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Market pricing for a rate hike at the Fed’s 16-17 September meeting is steadily being unwound; it now sits at 30%. This may see an ebbing of strength in the US dollar as this repricing plays out, and after its big gains during the volatility around China’s ‘Black Monday’.
However, all bets are off for what will happen on Monday with the reopening of China’s stock markets. The possibility of renewed volatility next week is leading to cautious trading in all markets.
After surprising with a negative close yesterday, the Nikkei is performing solidly today. Healthcare stocks have been leading the index, with the sector rising 2.4%.
The index is still looking very delicate, with a high likelihood of further downside risks. The gap between call and put options on the Nikkei has reached the widest gap since 2011, which is a strong indication of the prevailing negative sentiment on the index.
While the Nikkei has been performing better today, it’s meeting strong resistance at the 18,500 level. A renewed test of its lows last week around the 17,750 level looks quite feasible over the coming sessions. The Nikkei is yet to make any meaningful moves out of its downtrend.
The only major news occurrence that could support drive the Nikkei to a meaningful upward move is likely action by the Bank of Japan to increase its stimulus program. In the absence of this the index looks likely to trend lower.
There is also growing concern about the Japanese banking sector. In the face of poor growth prospects in Japan, banks aggressively began lending to emerging Asian nations. With the massive falls seen in emerging market currencies over the past twelve months or so, defaults on these loans have been soaring. This is likely to be a major headwind to the performance of the Nikkei over the coming months as well.
There was mixed Australian economic data today. Retail sales disappointed to the downside, growing -0.1% month-on-month compared to expectations for a 0.4% expansion. Household goods sales declined 1.9%, but it has been one of the strongest components of the index and was still up 8.6% on the year. The decline in retail sales is thought to be partly due to the pre-spending of the one-off small business tax package, with these effects dissipating in the coming months.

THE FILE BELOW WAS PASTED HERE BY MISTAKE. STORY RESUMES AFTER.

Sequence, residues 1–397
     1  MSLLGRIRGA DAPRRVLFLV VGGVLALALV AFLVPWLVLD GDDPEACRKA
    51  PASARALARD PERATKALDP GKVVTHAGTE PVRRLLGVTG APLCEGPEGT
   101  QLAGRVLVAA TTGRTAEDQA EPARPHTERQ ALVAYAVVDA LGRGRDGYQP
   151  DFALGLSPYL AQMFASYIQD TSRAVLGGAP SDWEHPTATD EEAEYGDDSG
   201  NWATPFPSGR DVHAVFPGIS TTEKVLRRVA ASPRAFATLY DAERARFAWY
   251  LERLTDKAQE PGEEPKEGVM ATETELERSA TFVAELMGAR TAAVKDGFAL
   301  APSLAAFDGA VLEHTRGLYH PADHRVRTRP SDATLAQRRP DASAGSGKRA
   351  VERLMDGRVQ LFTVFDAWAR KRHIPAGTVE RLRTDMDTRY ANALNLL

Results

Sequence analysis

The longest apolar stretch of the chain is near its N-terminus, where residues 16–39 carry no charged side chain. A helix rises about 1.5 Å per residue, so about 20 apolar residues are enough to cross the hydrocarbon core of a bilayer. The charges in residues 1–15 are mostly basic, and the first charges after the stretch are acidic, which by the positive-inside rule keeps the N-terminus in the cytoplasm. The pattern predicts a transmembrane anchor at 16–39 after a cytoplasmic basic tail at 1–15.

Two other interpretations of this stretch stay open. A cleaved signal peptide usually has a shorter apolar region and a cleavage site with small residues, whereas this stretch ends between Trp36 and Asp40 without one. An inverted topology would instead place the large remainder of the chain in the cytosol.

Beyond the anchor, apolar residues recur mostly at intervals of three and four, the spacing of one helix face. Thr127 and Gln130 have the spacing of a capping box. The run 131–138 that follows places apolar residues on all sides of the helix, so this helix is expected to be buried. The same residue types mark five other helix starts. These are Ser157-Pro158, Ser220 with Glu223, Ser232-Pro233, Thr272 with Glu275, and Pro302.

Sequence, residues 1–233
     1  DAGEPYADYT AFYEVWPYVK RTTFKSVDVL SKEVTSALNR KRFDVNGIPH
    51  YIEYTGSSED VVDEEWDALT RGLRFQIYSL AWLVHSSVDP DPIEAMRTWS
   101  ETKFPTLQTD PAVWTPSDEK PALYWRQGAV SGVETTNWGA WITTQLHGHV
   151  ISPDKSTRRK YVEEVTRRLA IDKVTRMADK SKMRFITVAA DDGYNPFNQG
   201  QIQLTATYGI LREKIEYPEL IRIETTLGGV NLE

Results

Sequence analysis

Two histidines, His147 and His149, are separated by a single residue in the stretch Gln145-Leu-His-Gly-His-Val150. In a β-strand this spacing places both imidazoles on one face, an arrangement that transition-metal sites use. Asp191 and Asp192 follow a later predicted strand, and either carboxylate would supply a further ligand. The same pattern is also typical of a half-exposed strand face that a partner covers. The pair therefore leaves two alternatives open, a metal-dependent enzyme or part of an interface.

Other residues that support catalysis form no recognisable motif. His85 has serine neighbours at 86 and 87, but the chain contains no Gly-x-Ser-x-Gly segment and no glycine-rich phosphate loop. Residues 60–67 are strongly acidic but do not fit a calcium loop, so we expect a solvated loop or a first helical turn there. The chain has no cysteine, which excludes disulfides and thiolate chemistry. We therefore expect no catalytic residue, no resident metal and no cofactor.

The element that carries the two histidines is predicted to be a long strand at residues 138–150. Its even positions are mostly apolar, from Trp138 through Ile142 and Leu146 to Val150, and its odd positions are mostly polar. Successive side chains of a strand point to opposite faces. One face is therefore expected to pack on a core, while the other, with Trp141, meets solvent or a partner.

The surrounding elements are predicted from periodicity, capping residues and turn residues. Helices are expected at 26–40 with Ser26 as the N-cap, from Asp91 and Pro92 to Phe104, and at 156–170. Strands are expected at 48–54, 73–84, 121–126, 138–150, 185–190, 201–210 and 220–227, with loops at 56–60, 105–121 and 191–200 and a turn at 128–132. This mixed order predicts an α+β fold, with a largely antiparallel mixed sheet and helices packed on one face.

The trade deficit narrowed to $2.5 billion on the back of better-than-expected export values. This is pointing to a better contribution to GDP from net exports compared to last quarter.
The release at 11.30 am AEST saw the Aussie dollar drop 0.5% to $0.7002, before beginning to retrace half of that move. The big downwards moves in the Aussie this week (falling 2.1%) in anticipation of the poor GDP numbers may well serve to provide some stability to the Aussie around the $0.70 level.
Focus will now turn to the steady unwinding of bets on a September US Fed rate hike, which should put a pause on US dollar strength. Even a strong Non-Farm Payrolls number out of the US on Friday is unlikely to lead to a rate hike at the September meeting, with inflation still tracking below where the Fed would like it to be. This should see some consolidation for the Aussie at current levels, although the reopening of the Chinese stock markets on Monday could see renewed global volatility and downward pressure on the Aussie (alongside all global markets).
In the longer term, there is a high possibility that the AUD could end the year in the $0.60-0.65 range with the poor Australian GDP print increasing the pricing for an RBA rate cut and the likelihood the Fed will move on rates before the year is out. This does point to renewed gains for companies with US dollar earnings, which are the few bright spots on an otherwise uninviting [indices:AU200|.
Qantas (QAN) is well positioned to benefit from some of these tailwinds. It saw solid gains in the domestic market in its most recent earnings statement as a comfortable duopoly between it and Virgin begins to form, allowing both to steadily boost margins in the space. Qantas has also undertaken a proactive investment in new aircraft for its overseas operations, and this will be key for generating foreign currency earnings. With its P/E ratio sitting at 13.5, it is also looking fairly reasonable at the current juncture.
CSL has also taken a recent beating after forecasting lower-than-expected FY16 growth. But its core business of immunoglobulin sales in the US continues to be strong despite facing stronger competition in recent times. CSL is also the largest seller of albumin into the Chinese market. Despite China’s slowing economy, there is still huge scope for growth in the blood derivatives market, with Chinese albumin use estimated to be less than 20% of potential demand. CSL is also trading at a P/E ratio of 21.8, which is the cheaper end of its P/E range over the past 10 years and much lower than its average of 23.8.